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Snow Mountain Wilderness • WCXC
Photo: Gregory MacDonald

A couple of weeks ago my friend Greg, from gadmachine, and I went on a quick trip up to the Mendocino National Forest, south of the Snow Mountain Wilderness. While there, we made some seriously good camp fires. We also set up an interesting camp, that I thought I’d share with you.

We set up two 10′ x 20′ tarps in a roughly A-frame shape. The open ends were parallel with the small valley we were in, so that the breeze could flow through. The top was open so that smoke from the fire could easily escape.  We put the tents in the eaves of the tarps so they were protected from rain. The main thing though was that the tarps reflected the heat of the fire and kept any breezes from blowing in behind us. This made for a comfortable, warm camp even with the temperature around 26˚F (-3˚C).

There was hardly any snow. There’s been precipitation since, so call the ranger’s station if you’re planning to head up there. The campsite, which Greg had scouted years earlier, was a very nice one: flat ground with trees in a nice little valley.

An image gallery and a map with our campsite near Bear Creek pinpointed, can be found after the jump.

Related Links:
Fire Skills: The Elevated Long Fire

Four Essential Campfire Tools for About $30

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CBDT 763
Photo: Gregory McDonald

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Our last morning out on the CBDT found us patting ourselves on the back for finding such a great campsite. I made us a special breakfast of fresh crepes and hot Masala chai, and we soaked up the sun and the view.

While we were eating we heard some yelling from the road but thought it was hunters. Then, a few moments later, we saw a man walking through the woods towards our camp. He was wearing jeans and a sweatshirt and, when he got closer, we could see he was Latino. We called out, “Hello? Hello?” and got no response. We were a little on edge when he walked out of the woods, into our small clearing and stopped. Read the rest of this entry »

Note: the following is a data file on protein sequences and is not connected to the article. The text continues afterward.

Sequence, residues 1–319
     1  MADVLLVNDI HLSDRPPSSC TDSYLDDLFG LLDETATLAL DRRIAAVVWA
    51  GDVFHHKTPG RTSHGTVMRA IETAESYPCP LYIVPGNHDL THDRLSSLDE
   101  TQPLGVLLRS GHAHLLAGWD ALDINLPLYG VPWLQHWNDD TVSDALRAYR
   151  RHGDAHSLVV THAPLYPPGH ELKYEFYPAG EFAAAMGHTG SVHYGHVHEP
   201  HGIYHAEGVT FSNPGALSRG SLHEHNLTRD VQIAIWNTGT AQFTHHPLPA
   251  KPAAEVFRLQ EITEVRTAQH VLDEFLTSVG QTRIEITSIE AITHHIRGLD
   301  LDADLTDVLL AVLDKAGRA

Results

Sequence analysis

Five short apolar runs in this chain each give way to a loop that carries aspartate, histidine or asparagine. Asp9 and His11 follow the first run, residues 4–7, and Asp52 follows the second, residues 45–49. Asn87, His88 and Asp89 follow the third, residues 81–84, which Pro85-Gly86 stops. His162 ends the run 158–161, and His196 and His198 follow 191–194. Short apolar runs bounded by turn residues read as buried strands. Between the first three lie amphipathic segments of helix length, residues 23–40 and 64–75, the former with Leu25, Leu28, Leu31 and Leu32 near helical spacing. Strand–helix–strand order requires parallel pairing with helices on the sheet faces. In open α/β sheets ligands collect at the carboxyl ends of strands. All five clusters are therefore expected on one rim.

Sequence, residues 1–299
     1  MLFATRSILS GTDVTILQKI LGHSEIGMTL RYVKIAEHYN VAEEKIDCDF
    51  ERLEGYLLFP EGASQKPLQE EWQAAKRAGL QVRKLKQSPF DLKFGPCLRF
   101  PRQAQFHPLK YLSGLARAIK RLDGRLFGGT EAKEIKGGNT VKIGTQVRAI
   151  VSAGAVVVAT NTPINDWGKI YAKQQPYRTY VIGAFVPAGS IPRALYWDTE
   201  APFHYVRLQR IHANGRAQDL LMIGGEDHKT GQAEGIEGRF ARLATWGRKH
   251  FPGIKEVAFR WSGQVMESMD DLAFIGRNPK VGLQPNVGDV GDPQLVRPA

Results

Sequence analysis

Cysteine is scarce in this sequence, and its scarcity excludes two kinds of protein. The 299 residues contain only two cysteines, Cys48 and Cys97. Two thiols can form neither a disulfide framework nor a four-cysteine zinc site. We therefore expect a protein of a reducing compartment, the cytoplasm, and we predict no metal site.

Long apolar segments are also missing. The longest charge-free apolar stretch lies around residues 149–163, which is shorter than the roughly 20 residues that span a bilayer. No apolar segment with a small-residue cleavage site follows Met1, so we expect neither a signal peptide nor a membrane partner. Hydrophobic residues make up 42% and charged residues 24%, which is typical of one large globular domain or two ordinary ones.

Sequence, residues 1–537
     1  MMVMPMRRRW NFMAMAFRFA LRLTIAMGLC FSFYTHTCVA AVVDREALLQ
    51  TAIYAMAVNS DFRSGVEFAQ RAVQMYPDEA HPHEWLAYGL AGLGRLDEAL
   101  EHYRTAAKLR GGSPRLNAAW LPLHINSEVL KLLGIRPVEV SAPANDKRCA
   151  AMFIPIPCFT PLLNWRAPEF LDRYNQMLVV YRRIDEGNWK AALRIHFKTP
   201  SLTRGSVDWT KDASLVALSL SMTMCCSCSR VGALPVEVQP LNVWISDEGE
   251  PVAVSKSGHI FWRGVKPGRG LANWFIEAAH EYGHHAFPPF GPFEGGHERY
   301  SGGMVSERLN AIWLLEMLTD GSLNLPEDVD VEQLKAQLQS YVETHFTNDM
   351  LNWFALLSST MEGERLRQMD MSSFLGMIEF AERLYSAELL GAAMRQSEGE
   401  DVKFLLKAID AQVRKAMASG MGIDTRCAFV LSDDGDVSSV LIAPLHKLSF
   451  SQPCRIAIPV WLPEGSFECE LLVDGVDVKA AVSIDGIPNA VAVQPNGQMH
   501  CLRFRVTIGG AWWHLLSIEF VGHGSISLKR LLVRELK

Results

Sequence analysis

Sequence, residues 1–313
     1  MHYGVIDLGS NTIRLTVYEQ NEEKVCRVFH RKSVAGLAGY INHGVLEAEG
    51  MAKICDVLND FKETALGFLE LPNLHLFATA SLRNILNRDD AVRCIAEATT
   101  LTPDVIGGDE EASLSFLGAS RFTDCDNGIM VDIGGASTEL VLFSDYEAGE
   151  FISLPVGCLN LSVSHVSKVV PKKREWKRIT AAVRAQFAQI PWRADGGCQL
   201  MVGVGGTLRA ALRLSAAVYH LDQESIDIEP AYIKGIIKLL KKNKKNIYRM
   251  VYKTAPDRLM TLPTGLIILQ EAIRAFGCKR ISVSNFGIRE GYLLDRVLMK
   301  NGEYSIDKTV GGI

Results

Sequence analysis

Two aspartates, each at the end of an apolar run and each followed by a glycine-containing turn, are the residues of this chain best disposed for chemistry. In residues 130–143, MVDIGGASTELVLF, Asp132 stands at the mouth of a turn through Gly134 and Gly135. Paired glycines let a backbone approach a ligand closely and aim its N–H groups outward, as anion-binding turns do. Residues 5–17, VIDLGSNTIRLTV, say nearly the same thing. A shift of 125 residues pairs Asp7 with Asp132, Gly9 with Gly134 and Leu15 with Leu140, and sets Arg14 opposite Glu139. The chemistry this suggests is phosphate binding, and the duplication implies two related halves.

IMG_3467
Back on the CBDT on Forest Road 23. Photo: Nik Schulz

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After a little target shooting and a bit of breakfast we got back on Forest Road 23 and continued up the California Backcountry Discovery Trail. We weren’t sure where we would stop for the night but since we were passing by Ruth Lake again, only this time at much higher elevation on the ridge above the lake, we thought we’d find something there.

I don’t know if it had anything to do with my totem pants — a pair of white jeans I painted in the style of Pacific Northwest native art and which seem to convey good fortune on many a situation 🙂 — but we were blown away by the beautiful spot we found.

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CBDT 601
Ruth Lake: Photo: Gregory McDonald

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On this part of our trip up the California Backcountry Discovery Trail, we spent a couple of nights at Fir Cove Campground on Ruth Lake. After leaving there we found one of the nicest remote campsites of the trip. Read the rest of this entry »


Photo: Gregory McDonald